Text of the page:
Many people looked up to him and they wanted to invite him over for a dinner and listen to his words. But not many could actually do it. People who were ill off could not dare to invite him over to their house. It was the well-off who could have the honor of inviting him.
One day, the man advised the host to change the guests he invites to his house due to the following reasons. When you invite your friends, siblings, or wealthy neighbors, they will reciprocate someday. This act of reciprocating invitations can be considered reciprocal economics. But in order to be happy, one should be free from the act of reciprocation. Invite those who are disabled, ill, or poor. They cannot afford to reciprocate your invitation. But you will become happy because they cannot reciprocate. This was the paradox and ethics of hospitality the man talked about. What the man meant to say was that you can find true happiness from showing hospitality to the disadvantaged.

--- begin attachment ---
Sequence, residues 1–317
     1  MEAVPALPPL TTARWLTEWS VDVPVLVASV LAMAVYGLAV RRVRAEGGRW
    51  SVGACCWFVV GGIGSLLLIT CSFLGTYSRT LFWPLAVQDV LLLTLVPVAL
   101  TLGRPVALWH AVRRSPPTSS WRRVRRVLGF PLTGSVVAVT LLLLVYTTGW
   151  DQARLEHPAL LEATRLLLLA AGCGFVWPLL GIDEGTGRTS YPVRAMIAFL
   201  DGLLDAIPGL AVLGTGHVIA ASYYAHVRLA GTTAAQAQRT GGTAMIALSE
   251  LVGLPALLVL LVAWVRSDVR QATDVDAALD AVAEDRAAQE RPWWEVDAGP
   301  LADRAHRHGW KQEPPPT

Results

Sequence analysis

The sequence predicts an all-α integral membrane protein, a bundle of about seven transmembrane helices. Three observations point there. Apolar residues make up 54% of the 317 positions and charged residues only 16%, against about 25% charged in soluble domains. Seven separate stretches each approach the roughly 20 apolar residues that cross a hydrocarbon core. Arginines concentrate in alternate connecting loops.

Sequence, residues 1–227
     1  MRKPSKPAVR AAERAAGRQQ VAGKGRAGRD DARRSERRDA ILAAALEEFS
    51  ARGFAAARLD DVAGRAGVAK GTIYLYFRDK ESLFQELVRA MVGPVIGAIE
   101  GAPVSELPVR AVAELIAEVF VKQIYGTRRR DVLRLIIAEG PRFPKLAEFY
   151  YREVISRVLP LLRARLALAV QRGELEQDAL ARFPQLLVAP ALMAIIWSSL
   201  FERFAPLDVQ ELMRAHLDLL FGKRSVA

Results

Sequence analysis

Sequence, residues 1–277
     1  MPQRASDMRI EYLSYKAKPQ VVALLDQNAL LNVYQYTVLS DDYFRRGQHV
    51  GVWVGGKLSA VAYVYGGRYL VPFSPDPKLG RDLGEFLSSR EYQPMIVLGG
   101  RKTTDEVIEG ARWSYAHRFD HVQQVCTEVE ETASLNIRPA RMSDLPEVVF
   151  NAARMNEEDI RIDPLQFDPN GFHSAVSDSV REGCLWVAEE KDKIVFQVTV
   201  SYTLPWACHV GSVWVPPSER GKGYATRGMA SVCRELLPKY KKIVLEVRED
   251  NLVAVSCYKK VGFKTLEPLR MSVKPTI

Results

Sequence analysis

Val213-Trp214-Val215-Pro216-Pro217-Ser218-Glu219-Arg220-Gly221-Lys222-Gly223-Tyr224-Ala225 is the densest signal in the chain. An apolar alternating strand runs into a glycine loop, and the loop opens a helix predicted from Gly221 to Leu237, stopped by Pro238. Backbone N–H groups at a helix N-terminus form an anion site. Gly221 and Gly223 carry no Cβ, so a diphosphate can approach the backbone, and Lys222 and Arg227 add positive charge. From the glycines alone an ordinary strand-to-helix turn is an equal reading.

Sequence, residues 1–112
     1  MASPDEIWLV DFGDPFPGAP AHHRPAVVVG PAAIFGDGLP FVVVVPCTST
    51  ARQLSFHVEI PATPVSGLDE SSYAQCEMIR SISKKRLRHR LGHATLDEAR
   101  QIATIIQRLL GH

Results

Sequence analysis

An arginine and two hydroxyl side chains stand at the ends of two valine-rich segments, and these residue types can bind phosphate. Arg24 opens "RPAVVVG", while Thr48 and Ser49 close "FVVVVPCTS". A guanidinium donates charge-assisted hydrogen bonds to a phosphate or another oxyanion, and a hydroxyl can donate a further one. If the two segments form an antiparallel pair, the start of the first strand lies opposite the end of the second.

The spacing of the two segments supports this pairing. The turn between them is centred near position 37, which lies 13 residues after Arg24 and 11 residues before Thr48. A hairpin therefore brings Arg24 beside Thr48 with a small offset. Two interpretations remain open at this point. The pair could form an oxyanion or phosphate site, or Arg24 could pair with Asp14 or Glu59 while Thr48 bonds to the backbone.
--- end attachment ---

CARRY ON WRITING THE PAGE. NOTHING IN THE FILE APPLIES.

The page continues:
Without much rhetoric, his words got to the root of the matter. This is why Russian novelist Fyodor Dostoevsky read the New Testament over and over again during his four-year time in a Siberian labor camp, underlining the important phrases that reflected his words and actions. “The Idiot” and “The Brothers Karamazov” were the result of reasoning Jesus Christ’s words. No matter how great philosophers such as Kant, Levinas, and Derrida talked about hospitality in their metaphysical language, their philosophy was a mere footnote of the ethics of hospitality preached by Jesus Christ.
It has been almost 2,000 years since Jesus Christ died on the cross but his words have not lost their validity. There are still marginalized people, who are not invited to a dinner party, in our society now and then. Christmas is the day when we celebrate the birth of the man, who led a life for the disadvantaged. Merry Christmas!